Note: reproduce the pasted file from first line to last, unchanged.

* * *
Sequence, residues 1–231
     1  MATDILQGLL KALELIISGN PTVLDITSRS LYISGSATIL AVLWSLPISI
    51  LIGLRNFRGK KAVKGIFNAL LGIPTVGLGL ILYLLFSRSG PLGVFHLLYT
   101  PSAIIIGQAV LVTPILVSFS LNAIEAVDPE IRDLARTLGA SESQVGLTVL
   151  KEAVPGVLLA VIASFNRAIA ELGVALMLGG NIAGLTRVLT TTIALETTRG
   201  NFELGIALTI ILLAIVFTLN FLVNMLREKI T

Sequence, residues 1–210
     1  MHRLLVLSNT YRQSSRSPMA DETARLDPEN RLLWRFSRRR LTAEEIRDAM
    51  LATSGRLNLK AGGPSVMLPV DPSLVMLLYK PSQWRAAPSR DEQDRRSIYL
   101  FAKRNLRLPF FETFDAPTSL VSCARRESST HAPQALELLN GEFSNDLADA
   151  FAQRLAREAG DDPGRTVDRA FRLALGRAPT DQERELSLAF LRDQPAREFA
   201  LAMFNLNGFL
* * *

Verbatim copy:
Sequence, residues 1–231
     1  MATDILQGLL KALELIISGN PTVLDITSRS LYISGSATIL AVLWSLPISI
    51  LIGLRNFRGK KAVKGIFNAL LGIPTVGLGL ILYLLFSRSG PLGVFHLLYT
   101  PSAIIIGQAV LVTPILVSFS LNAIEAVDPE IRDLARTLGA SESQVGLTVL
   151  KEAVPGVLLA VIASFNRAIA ELGVALMLGG NIAGLTRVLT TTIALETTRG
   201  NFELGIALTI ILLAIVFTLN FLVNMLREKI T

Sequence, residues 1–210
     1  MHRLLVLSNT YRQSSRSPMA DETARLDPEN RLLWRFSRRR LTAEEIRDAM
    51  LATSGRLNLK AGGPSVMLPV DPSLVMLLYK PSQWRAAPSR DEQDRRSIYL
   101  FAKRNLRLPF FETFDAPTSL VSCARRESST HAPQALELLN GEFSNDLADA
   151  FAQRLAREAG DDPGRTVDRA FRLALGRAPT DQERELSLAF LRDQPAREFA
   201  LAMFNLNGFL